Nearly twenty years ago, on August 4, 1985, the Chicago White Sox defeated the New York Yankees 4-1 at Yankee Stadium.
Why am I mentioning this? Because that was Tom Seaver's 300th win. Seaver won eleven more games before retiring at the end of the 1986 season -- in fact, his last appearance on September 13, 1986 was only eleven days after Greg Maddux made his major league debut.
And now you see why I'm mentioning Seaver, because last night Maddux matched Seaver on the all-time victory list with his 311th, as the Cubs hung on for a 5-4 win over the Brewers in Milwaukee, their first win in Miller Park this season. The crowd of 40,126 was a bit below capacity, but was still the largest so far this season for a Cubs-Brewers game in Milwaukee.
Beyond this I'm going to have to count on you guys. I'm in Cubs TV blackout here on Long Island -- the local cable system doesn't have WGN (and last night's game wasn't on WGN anyway), and by the time I fell asleep watching Baseball Tonight the game wasn't yet over.
The thing I really can't figure out was this, and I did watch some of this game -- the Cubs can't beat the Yankees, but the Devil Rays can? Tampa Bay soared out to a 5-0 lead over the Yankees, and then survived a Yankee assault on their bullpen -- that Hideki Matsui guy again, slamming a three-run homer off Lance Carter -- to win 5-4.
So maybe that's what the Cubs should have done -- shown up in Tampa Bay uniforms this past weekend, even though they are a godawful shade of green. The Rays are 5-2 against the Yankees this year.
Of tying Seaver, Maddux said:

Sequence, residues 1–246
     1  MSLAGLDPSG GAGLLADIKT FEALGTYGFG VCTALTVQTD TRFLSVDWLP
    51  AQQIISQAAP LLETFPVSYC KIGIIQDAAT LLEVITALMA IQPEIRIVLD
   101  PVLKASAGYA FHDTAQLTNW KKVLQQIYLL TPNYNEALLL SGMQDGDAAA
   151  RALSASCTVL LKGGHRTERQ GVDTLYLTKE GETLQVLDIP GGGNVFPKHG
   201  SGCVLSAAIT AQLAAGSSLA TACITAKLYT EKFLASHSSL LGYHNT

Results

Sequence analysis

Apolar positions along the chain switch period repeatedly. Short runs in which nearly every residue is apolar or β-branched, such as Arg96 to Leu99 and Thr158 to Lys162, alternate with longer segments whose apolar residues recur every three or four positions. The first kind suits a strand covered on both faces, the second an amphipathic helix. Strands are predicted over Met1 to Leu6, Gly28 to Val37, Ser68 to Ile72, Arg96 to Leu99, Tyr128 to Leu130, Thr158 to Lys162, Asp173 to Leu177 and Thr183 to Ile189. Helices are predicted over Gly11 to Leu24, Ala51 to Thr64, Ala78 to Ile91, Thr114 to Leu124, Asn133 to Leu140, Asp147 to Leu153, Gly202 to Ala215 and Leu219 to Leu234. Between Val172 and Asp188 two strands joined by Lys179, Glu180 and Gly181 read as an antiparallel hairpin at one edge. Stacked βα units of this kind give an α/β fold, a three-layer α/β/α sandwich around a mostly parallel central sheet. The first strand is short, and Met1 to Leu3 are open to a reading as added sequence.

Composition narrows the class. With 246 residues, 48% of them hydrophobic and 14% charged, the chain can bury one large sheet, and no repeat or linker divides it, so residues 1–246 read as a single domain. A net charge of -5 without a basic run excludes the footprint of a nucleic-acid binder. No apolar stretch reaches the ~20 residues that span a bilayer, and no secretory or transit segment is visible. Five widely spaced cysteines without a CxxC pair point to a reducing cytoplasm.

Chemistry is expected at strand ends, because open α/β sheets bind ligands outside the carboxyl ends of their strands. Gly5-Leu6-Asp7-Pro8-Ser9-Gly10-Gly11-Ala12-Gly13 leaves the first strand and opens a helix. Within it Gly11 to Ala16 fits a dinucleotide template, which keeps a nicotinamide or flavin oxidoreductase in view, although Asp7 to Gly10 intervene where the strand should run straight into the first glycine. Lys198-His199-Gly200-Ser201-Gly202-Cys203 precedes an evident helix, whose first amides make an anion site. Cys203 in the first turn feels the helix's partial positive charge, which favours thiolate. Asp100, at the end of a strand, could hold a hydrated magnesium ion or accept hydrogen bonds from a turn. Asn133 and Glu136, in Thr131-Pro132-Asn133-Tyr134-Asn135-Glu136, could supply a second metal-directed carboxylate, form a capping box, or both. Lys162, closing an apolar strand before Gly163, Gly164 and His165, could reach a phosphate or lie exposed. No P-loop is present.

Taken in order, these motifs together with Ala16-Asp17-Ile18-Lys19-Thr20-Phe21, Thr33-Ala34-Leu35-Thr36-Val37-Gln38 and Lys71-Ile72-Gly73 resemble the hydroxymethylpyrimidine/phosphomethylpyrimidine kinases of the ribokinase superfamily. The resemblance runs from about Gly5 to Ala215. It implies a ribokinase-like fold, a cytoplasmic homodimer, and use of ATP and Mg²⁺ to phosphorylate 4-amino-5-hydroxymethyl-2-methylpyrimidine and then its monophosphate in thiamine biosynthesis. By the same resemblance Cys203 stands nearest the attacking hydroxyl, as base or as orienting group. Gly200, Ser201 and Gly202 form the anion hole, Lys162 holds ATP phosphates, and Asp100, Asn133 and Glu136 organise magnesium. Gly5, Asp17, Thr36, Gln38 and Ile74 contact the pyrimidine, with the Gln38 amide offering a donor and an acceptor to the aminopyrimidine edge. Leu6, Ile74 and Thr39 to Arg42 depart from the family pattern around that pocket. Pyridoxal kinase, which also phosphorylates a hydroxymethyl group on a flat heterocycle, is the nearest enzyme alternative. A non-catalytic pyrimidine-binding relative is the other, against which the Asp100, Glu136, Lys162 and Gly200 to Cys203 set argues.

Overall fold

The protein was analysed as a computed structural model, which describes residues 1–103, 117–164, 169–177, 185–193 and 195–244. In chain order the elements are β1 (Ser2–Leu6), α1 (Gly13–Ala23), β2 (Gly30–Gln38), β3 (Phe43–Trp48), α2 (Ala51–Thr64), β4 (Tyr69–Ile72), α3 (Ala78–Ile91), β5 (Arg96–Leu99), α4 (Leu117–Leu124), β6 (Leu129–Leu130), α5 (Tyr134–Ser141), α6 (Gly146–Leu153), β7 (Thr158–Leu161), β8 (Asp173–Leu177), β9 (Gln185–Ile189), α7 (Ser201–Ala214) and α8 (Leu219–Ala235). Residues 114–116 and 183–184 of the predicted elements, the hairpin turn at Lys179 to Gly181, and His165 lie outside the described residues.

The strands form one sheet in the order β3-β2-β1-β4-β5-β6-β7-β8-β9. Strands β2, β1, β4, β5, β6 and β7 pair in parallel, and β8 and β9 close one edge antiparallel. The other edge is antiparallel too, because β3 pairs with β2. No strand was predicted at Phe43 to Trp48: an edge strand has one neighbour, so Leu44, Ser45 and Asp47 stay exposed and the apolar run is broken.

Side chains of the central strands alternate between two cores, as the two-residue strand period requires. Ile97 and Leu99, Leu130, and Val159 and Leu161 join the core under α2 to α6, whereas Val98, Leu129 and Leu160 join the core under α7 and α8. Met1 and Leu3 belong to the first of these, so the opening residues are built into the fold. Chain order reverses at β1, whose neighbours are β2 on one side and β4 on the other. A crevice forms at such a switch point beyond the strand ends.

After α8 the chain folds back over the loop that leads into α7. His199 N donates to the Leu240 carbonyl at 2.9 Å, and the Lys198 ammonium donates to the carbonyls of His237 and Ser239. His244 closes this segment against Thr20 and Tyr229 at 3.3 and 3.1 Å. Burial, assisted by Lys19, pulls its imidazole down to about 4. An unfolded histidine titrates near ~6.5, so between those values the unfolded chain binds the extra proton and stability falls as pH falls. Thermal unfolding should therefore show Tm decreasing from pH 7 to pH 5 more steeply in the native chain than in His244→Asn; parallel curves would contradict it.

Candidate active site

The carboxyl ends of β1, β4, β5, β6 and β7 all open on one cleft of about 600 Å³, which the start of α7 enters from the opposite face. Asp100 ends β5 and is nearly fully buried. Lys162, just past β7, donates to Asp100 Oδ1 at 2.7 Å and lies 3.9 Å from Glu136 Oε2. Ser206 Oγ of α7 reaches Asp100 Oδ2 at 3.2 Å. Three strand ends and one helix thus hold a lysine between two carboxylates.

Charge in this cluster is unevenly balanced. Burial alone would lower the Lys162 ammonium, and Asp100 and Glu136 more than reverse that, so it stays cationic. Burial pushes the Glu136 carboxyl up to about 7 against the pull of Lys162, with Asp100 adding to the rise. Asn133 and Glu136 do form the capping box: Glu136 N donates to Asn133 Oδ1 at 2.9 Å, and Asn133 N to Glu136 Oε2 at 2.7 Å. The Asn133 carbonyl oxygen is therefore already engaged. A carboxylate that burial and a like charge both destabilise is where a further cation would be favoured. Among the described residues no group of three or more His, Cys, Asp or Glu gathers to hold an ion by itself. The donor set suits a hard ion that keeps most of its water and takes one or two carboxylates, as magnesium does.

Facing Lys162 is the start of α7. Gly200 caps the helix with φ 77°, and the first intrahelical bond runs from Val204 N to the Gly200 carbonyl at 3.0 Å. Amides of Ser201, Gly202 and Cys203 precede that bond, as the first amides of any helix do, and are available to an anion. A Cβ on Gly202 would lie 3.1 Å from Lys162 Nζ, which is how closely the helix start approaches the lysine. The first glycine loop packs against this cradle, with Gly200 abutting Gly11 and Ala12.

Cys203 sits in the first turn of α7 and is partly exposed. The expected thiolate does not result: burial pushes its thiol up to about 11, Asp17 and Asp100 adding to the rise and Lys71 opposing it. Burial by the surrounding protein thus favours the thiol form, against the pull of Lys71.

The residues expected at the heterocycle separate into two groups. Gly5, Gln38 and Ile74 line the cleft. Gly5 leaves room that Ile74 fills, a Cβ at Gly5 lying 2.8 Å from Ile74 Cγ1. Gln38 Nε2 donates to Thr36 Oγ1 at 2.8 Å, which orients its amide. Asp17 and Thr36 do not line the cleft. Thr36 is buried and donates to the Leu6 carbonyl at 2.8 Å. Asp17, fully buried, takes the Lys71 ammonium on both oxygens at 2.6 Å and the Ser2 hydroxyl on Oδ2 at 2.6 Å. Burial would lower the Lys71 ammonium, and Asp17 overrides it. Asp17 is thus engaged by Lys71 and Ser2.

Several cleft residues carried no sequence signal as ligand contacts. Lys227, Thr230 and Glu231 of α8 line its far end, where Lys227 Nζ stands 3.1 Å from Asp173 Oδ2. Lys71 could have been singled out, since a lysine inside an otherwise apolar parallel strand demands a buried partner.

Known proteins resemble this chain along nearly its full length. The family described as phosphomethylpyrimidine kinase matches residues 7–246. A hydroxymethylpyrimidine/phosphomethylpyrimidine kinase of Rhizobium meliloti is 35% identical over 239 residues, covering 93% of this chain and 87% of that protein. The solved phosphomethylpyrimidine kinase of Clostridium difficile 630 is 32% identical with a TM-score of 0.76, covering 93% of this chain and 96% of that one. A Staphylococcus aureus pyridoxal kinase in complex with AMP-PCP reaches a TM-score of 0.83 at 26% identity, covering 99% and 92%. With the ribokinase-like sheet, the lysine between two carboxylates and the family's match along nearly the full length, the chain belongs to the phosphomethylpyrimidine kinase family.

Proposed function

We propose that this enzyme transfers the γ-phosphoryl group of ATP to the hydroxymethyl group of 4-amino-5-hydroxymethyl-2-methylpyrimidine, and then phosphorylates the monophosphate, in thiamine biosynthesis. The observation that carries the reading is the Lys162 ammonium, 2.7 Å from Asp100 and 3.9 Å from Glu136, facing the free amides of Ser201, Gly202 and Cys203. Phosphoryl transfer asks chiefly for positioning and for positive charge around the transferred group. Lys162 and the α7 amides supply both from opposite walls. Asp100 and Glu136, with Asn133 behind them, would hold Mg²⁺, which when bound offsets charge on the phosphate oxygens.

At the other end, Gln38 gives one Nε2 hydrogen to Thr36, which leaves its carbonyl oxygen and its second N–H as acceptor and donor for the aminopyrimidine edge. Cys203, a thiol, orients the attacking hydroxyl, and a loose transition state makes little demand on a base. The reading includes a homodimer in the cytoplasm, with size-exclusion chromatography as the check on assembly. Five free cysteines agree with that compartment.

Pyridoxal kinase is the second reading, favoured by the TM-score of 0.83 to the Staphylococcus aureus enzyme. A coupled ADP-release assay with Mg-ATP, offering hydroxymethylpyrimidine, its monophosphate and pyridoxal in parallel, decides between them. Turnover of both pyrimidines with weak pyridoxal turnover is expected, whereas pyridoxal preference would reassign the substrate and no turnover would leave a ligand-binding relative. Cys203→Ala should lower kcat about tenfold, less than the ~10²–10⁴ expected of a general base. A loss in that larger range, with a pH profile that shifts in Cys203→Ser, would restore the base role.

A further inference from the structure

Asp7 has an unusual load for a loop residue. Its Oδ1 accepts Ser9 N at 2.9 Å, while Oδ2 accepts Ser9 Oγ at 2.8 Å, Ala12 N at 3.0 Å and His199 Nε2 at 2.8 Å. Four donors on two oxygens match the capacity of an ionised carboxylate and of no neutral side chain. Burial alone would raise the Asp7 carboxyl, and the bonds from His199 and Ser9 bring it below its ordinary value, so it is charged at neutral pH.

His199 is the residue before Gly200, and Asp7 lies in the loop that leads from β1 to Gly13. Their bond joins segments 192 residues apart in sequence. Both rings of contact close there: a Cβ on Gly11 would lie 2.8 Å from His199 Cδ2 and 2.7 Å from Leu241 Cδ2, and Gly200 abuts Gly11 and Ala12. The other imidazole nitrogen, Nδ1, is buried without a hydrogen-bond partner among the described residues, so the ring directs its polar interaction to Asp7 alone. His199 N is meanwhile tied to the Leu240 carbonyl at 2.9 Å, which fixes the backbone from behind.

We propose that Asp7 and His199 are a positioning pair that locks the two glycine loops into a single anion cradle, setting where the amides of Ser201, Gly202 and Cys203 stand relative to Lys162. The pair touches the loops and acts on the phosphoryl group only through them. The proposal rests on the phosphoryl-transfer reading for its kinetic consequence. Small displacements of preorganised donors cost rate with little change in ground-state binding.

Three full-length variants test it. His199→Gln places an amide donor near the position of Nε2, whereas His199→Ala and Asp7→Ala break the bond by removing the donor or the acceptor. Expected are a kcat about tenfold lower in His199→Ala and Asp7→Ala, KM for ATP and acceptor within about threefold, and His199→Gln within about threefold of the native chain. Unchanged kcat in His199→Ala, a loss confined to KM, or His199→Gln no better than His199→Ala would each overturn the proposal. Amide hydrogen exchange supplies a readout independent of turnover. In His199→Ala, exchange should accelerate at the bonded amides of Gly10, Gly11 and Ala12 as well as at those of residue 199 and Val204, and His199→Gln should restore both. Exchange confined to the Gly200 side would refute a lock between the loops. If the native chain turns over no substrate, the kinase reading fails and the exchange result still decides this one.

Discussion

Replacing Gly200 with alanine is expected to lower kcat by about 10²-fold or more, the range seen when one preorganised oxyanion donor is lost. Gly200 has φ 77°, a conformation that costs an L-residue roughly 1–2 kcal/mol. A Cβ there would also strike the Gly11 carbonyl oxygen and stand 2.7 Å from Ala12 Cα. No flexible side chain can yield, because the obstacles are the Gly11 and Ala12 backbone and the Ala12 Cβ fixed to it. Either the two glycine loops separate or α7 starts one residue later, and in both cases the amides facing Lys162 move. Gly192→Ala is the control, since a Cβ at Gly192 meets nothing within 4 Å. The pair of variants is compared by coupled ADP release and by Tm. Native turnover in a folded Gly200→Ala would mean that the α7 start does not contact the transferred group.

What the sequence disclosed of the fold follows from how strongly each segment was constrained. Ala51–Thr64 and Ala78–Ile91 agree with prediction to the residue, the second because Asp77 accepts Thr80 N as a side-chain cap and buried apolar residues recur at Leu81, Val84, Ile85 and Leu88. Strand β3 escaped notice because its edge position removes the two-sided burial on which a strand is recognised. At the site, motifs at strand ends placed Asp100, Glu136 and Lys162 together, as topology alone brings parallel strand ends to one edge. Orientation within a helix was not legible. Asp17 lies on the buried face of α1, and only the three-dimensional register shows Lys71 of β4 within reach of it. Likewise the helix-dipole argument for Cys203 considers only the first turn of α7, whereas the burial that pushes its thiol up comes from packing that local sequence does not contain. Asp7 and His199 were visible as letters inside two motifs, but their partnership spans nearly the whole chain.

Does that sound like vintage Maddux or what?
I'm still kind of puzzled, reading that, about exactly why Maddux, who grew up in Las Vegas, would have been a Reds fan -- though I note that the Big Red Machine glory days would have been when he was about 10 and 11 years old, right in the area where you'd form an allegiance to a team. Interestingly, if you'd ask most major league players about baseball history, you probably would get a blank stare. The reason for this actually has some logic -- most major league players weren't sitting around watching baseball as kids, they were out playing the game.
Anyway, next up for Maddux on the list is Gaylord Perry at 314.
Today, I commend you to Carlos' diary on the right sidebar about Ryan Dempster's success since being converted to closer. Again, if any of you are going to the games in Milwaukee, please post a diary about your experiences there!
I am spending much of my time on vacation finally finishing Gene Wojciechowski's terrific book "Cubs Nation" -- yes, even though I know it doesn't have a happy ending. And at one point, in early August, Wojciechowski interviews Jim Hendry and there is discussion about converting Dempster to closer before the 2004 season even ended.
Wish they had -- maybe that would have avoided the bullpen implosion of the final week of 2004 that cost the Cubs the wild card, in addition to the failures of LaTroy Hawkins that have cost the Cubs at least four games this season.
Anyway, that's history. The Cubs really must win three of four in this series, and they are off to a good start. Jerome Williams will be recalled from Iowa to start against Victor Santos, and a roster move will be made before the game. I heard rumblings in New York that Joe Borowski may be designated for assignment, which is a shame because of JoeBo's history, but is, sadly, the right move to make at this time.
This may be Williams' only start in this recall, no matter how well he does. Further rumblings say that if Mark Prior has no further pain or setbacks, that he will be ready to resume his spot in the rotation Sunday against the White Sox, and after Kerry Wood's successful rehab start Sunday at Nashville, he will make one more appearance for Iowa on Friday and if that goes well, he could face the Brewers on June 29 or 30.
Keep the faith. Yes, that means you, Chuck. The Cubs are only 1 1/2 games out of the wild-card lead (and only one game down in the loss column).